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Arash Fazl, Stephen Grossberg, Ennio Mingolla; Invariant object learning and recognition using active eye movements and attentional control. Journal of Vision 2005;5(8):738. doi: 10.1167/5.8.738.
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© ARVO (1962-2015); The Authors (2016-present)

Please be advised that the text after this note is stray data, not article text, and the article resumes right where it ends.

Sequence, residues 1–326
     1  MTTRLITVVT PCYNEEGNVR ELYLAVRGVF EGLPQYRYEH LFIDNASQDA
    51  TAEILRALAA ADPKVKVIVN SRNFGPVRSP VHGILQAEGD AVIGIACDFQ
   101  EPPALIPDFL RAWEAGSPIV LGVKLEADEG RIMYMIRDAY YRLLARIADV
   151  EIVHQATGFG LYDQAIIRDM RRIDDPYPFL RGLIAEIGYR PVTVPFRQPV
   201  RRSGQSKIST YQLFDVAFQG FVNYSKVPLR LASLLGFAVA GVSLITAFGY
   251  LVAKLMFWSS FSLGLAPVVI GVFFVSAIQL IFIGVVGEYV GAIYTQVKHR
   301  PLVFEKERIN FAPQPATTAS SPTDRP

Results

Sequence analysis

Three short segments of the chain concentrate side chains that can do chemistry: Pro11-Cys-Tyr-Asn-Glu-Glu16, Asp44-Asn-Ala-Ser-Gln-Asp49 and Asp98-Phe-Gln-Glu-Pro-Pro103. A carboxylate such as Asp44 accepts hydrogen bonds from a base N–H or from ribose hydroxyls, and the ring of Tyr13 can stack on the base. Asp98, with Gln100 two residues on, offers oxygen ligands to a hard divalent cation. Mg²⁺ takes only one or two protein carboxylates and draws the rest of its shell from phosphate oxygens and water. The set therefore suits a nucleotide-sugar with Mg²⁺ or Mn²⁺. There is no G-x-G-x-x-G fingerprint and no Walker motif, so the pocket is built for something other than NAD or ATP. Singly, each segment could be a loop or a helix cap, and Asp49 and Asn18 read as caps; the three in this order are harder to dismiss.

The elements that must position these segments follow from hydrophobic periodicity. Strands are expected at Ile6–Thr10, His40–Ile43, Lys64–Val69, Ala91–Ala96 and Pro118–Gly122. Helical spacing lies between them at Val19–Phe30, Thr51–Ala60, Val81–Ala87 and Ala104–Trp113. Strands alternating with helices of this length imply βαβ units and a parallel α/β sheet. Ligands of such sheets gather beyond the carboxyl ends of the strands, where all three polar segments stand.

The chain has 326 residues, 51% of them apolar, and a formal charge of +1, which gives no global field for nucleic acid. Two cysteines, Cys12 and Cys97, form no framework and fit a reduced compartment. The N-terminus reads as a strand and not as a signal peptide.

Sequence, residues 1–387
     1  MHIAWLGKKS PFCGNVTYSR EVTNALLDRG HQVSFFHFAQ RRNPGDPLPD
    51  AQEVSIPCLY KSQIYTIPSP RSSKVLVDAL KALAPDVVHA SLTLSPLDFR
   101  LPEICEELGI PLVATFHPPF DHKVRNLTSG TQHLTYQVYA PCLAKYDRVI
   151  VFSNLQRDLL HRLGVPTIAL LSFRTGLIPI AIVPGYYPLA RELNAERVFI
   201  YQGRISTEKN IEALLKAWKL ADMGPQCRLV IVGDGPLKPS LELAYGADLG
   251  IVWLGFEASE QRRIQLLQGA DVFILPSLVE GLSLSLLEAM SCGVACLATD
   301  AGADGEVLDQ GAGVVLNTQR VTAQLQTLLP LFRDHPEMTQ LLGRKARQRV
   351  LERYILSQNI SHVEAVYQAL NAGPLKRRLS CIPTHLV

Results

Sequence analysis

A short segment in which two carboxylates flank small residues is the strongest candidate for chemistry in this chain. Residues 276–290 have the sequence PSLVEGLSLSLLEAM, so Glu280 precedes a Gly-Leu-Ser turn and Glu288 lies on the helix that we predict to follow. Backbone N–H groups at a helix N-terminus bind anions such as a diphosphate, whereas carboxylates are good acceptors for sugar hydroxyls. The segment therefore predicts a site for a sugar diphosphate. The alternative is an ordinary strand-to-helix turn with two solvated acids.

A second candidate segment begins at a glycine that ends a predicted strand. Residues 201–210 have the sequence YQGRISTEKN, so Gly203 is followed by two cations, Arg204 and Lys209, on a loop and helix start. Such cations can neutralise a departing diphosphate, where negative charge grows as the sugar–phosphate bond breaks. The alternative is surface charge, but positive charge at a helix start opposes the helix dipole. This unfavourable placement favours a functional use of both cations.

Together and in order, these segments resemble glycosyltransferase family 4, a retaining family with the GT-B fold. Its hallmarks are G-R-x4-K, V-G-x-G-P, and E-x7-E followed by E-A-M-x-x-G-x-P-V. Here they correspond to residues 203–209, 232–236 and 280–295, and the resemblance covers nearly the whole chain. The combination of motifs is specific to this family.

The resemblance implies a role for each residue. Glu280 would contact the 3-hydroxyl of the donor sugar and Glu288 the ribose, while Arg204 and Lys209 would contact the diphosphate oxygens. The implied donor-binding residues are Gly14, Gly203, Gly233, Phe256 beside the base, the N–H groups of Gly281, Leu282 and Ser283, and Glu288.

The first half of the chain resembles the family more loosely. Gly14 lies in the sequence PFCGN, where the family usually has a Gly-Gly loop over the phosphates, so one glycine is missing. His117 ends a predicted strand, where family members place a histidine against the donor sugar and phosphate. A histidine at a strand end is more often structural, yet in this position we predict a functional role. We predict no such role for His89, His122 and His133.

Neural data and models have proposed that the brain achieves invariant object recognition by learning and combining several views of a three-dimensional object. How such invariant codes are learned when active eye movements scan a scene, given that the cortical magnification introduces a large source of variability in the visual representation even for the same view of the object? How does the brain avoid the problem of erroneously classifying together parts of different objects when an eye movement changes the cortical representation from one to the other? How does the brain differentiate between saccades on the same object and saccades between different objects? A biologically inspired ARTSCAN model of visual object learning and recognition with active eye movements proposes answers to these questions. The model explains how surface attention interacts with eye movement generating modules and object recognition modules so that the views that correspond to the same object are selectively clustered together. This interaction does not require prior knowledge of object identity. The modules in the model conform to brain regions in the What and Where cortical streams of the visual system. The What stream learns a spatially-invariant and size-invariant representation of an object, using bottom-up filtering and top-down attentional mechanisms. The Where stream computes indices of object location and guides attentive eye movements. Preprocessing occurs in the primary visual areas, notably log-polar compression of the periphery, contrast enhancement, and parallel processing of boundary and surface properties. ARTSCAN was tested on a scene filled with letters of different sizes and orientations and performed above 95% correct in classification after real-time incremental learning controlled by attention shifts and active eye movements.
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